3. Your payment processor should be secure and PCI compliant

Accepting payments comes with meeting a strict set of security measures, otherwise known as PCI compliance standards. These measures protect customer and merchant data. A payment provider that handles PCI compliance for you will save you time and energy—you won’t have to worry about being up to date with security requirements because your payment processor does so on your behalf. It’s worth finding a payment processor that monitors for fraud and other security risks. 

4. Customer service is key

What kind of support do you expect from your payment processor? It’s an important question to consider. You’ll likely want to be able to get in contact with your payment provider at any time, especially if an urgent issue arises. Read reviews and look into the customer service a payment provider offers before you sign on to make sure it’ll meet your needs.


Start using an integrated payment solution today

The market has been shifting toward integrated payments for some time now, and with good reason. Think about the kind of shopping experience you want to offer your customers in store and online. Think of your own experiences when shopping at your favorite stores and what you enjoyed about their checkout process. Chances are, integrated payments are part of that winning equation.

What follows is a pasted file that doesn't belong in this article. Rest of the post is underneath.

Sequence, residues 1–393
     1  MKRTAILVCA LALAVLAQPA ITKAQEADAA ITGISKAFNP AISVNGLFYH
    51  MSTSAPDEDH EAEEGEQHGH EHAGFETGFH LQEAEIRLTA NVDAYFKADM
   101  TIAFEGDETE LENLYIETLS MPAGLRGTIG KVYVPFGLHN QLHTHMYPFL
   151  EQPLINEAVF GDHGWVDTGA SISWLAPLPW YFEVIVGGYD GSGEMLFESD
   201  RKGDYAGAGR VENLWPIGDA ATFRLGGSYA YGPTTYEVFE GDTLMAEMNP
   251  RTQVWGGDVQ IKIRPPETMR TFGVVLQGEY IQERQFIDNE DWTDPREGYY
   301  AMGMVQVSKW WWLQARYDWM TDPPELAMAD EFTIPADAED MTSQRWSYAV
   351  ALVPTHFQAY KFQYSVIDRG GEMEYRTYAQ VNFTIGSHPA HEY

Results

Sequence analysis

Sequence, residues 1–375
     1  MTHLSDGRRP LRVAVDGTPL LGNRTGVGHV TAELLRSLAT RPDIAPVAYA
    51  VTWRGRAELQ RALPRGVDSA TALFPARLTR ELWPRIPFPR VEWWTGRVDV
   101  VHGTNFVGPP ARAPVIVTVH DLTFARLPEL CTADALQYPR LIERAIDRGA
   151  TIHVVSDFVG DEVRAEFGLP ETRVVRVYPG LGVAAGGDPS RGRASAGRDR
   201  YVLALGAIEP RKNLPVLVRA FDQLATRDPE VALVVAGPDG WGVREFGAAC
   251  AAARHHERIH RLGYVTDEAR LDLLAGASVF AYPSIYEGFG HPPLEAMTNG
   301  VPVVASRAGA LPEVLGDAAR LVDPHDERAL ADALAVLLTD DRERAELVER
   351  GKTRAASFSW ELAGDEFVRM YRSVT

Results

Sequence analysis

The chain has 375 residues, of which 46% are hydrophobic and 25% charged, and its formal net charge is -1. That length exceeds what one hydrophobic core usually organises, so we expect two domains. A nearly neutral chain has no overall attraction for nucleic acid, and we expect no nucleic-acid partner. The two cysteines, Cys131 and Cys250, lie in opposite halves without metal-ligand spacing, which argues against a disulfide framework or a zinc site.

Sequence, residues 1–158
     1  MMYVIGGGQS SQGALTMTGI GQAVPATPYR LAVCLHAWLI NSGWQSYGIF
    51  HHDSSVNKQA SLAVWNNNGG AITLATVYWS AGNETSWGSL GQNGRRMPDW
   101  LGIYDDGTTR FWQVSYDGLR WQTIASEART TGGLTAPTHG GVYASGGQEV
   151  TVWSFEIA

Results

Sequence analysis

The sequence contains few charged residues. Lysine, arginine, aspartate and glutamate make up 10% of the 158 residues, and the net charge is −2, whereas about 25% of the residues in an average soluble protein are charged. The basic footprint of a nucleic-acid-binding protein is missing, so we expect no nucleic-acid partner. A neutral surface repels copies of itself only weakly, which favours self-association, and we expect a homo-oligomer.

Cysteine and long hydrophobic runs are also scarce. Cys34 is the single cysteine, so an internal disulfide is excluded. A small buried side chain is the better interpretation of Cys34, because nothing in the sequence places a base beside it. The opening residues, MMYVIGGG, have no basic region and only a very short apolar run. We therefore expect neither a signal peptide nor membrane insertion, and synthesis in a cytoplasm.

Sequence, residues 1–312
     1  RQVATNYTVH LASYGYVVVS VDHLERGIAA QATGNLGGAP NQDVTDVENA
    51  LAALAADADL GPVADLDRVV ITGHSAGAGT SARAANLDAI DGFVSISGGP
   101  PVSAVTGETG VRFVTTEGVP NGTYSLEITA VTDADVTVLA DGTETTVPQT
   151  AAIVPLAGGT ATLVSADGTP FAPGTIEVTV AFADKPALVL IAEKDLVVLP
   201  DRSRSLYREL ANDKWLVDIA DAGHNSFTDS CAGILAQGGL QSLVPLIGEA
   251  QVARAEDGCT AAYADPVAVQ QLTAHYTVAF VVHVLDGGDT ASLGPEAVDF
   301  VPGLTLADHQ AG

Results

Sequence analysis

Ask yourself: What kind of effect does a lengthier checkout process have? Or the illusion that their information is being recorded twice online with two different parties? The transaction might be perceived as a scam.

Although a service like PayPal as a payment option accommodates many online shoppers, strictly offering a non-integrated payment service adds more steps to your checkout process and takes up more of your customers’ precious time. This ultimately pushes customers like Sophia to abandon their cart and lower your conversion rate. If you simplify your customers’ purchasing process, you’ll reap the rewards.

Evidently, uninterrupted communication between your payment terminal and your POS (or eCommerce platform) is essential if you’re looking to boost the efficiency of your checkout process, increase customer satisfaction, and eliminate the risk of payment errors and fraud. Plus, think of all the time you’ll save at the end of the day to close up your brick-and-mortar store.

Non-integrated payments may cost less to implement, but there’s a catch: the communication disconnect between your payment terminal and POS exposes your business to some expensive mistakes. Plus, if you ever run into an issue and need support, you’ll be stuck with having to coordinate with a third party to resolve it. 

If you want more information on using an integrated payment processor like Lightspeed Payments, talk to one of our experts today.